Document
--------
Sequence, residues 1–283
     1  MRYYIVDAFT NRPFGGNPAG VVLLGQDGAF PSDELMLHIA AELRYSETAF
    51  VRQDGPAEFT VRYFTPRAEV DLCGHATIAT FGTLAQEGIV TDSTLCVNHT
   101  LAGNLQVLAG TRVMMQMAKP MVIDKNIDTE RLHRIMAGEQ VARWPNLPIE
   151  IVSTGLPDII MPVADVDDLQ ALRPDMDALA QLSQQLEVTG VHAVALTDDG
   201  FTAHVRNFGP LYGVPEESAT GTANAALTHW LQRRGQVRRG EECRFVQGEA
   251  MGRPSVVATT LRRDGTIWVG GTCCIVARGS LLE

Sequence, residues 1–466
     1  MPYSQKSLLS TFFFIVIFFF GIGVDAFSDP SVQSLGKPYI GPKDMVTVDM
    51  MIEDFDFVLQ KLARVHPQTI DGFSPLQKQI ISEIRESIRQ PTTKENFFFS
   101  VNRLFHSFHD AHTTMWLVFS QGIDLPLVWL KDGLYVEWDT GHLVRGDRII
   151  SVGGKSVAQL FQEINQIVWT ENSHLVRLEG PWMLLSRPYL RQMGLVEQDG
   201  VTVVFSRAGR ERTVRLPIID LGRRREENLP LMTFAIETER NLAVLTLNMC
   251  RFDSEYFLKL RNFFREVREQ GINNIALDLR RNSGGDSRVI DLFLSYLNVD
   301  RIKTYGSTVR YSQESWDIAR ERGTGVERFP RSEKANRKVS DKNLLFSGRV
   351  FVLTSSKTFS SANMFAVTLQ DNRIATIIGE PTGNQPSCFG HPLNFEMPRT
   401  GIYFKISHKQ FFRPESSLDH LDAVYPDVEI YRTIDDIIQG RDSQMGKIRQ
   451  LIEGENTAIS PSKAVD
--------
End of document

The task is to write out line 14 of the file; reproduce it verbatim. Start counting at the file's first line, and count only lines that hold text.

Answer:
   251  RFDSEYFLKL RNFFREVREQ GINNIALDLR RNSGGDSRVI DLFLSYLNVD